SEWRPC Role In Water Dispute Highlights Suburban Biases There
The City of Milwaukee finds that an obscure technical tweak in water planning recommendations is assuming a central role five years later favoring Waukesha's position on diverting water to an area outside its borders.
How many examples do we need to grasp that Milwaukee is harmed by its inclusion in the southeastern regional planning commission (SEWRPC), where City of Milwaukee taxpayers supply 16% of the seven-county commission's operating budget but by law have no commissioner's vote.
SEWRPC is the agency that began a regional housing study a couple of years ago - - under pressure from urban advocates - - but hadn't written such a plan since 1975 as the region sprawled away from Milwaukee's economy and its minority residents and job-seekers.
And developed the freeway expansion plan - - against the City's wishes - - that will push development farther from Milwaukee, where transit is dying, but where water is sought and where SEWRPC has recommended in a study Lake Michigan water be diverted.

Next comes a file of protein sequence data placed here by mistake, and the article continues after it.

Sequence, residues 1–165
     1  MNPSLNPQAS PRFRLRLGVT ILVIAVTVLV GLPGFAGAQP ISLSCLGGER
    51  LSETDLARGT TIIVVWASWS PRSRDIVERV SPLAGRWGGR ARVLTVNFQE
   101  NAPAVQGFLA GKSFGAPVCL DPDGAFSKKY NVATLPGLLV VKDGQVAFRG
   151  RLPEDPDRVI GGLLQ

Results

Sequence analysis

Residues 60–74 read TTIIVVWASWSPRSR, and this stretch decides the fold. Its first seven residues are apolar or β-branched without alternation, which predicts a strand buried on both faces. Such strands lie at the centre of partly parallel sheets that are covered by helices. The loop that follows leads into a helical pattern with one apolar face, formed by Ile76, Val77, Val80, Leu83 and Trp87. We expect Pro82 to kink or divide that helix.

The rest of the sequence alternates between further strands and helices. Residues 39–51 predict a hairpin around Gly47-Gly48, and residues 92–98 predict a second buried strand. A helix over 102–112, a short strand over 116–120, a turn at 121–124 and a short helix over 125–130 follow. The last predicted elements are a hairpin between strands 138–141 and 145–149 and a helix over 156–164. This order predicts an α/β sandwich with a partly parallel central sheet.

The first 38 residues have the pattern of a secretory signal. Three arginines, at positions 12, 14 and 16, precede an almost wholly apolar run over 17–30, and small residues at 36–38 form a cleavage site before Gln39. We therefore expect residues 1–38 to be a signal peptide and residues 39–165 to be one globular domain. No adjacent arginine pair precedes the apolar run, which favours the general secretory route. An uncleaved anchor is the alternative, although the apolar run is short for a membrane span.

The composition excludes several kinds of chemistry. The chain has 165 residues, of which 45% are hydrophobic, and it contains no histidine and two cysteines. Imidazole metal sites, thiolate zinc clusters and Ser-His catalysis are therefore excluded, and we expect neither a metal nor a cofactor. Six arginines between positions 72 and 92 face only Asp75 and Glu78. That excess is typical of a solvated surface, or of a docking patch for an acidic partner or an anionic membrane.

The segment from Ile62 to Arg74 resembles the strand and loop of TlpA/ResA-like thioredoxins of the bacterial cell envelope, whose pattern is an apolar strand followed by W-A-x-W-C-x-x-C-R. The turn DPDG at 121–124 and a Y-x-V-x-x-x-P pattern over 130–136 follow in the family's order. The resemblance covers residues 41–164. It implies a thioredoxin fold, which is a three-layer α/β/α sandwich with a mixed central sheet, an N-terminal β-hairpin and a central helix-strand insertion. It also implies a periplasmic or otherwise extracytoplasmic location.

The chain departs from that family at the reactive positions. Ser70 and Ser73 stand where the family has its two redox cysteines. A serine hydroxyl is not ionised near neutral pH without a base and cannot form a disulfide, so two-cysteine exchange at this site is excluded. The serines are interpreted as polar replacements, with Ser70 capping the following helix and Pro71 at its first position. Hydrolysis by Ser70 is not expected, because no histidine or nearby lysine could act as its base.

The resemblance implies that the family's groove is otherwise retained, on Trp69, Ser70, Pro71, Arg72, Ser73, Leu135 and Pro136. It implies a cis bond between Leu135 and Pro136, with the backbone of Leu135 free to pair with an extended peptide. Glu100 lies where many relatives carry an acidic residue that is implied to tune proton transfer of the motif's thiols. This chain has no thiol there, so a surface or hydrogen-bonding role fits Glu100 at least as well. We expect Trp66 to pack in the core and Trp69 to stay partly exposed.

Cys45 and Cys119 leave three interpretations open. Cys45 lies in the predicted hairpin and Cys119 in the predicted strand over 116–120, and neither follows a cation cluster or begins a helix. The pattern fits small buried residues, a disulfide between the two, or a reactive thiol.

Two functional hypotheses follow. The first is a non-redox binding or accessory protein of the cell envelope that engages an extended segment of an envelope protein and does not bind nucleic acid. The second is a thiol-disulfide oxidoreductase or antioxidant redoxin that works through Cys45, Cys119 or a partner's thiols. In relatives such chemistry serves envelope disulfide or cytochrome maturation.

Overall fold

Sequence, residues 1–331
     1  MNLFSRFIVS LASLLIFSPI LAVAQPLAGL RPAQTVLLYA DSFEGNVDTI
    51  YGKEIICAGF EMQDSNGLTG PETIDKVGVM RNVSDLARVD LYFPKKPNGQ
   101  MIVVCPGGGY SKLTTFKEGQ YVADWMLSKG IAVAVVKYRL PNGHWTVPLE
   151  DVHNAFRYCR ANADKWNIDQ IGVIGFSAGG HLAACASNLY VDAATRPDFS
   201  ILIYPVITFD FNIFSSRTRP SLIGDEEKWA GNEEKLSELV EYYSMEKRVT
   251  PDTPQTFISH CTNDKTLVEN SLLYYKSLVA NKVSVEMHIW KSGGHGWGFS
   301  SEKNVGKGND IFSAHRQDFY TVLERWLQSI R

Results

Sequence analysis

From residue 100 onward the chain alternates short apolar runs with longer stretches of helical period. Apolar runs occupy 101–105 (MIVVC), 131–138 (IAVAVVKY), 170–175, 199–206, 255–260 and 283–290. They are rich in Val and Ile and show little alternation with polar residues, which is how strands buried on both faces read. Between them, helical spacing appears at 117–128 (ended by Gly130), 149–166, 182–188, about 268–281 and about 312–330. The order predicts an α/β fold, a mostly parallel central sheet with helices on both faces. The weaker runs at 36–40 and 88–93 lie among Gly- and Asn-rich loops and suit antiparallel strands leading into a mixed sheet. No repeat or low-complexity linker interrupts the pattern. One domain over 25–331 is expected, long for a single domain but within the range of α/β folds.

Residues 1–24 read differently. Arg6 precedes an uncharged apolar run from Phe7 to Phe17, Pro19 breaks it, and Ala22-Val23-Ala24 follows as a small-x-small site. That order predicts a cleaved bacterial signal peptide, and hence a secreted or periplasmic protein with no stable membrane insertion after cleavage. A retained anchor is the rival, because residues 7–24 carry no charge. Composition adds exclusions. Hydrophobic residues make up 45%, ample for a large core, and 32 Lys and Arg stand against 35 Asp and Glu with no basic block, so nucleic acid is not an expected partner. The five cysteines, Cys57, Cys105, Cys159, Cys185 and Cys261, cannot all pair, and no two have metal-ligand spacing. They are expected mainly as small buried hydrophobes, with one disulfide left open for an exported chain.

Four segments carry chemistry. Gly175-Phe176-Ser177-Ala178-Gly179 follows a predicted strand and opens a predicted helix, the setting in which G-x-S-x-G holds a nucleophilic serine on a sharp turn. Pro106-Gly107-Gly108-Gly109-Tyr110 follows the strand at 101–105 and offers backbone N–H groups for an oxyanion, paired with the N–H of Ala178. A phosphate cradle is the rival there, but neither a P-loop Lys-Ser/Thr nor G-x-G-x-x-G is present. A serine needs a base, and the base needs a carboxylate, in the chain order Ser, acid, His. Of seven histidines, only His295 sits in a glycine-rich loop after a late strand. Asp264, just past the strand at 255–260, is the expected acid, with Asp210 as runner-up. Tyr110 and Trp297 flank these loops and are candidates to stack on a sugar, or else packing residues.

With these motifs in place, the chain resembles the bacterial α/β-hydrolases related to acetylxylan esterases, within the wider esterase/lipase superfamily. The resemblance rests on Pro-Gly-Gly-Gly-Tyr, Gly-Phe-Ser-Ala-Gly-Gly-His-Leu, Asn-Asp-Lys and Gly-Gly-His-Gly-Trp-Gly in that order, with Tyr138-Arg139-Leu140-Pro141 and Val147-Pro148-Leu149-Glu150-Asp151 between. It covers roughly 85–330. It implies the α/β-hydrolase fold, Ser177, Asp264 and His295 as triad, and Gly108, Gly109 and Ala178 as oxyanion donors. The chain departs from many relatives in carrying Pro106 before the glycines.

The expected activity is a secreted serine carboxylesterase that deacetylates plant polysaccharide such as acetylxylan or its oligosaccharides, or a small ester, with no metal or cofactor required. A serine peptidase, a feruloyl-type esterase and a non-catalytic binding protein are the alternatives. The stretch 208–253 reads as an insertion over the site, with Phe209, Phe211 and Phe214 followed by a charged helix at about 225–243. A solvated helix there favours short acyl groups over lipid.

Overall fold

In 2006, I wrote:
SEWRPC has paved the way for much of the region’ssprawl, literally: The agency recently recommended $6.5 billion in state spending on freeway modernization and expansion, including adding new lanes across Waukesha County – - the very area where overdevelopment has contributed to the county’s water problems.
Though it says it will examine conservation and other alternatives, SEWRPC will probably endorse out-of-basin diversions as a key element for regional
I got curious recently and looked at MPOs and regional planning agencies serving MSAs with a population over 1 million. The vast majority of them had their main offices located in the downtown/CBD of one of the core cities of whatever region they served. Most of the ones that didn't at least had offices with some form of public transit access.
I could only find two agencies with offices located in suburban office parks with no transit access at all: SEWRPC and the North Central Texas Council of Governments serving Dallas/Fort Worth. NCTCOG almost has an excuse, since their offices are located in Arlington, in between Dallas and Fort Worth. Obviously, there is no other large city in southeastern Wisconsin except Milwaukee.
Imagine if CMAP had their offices and board meetings in some office park in Aurora as opposed to the Sears (sorry, Willis) Tower. Would anyone in Chicago or Cook County take them seriously?
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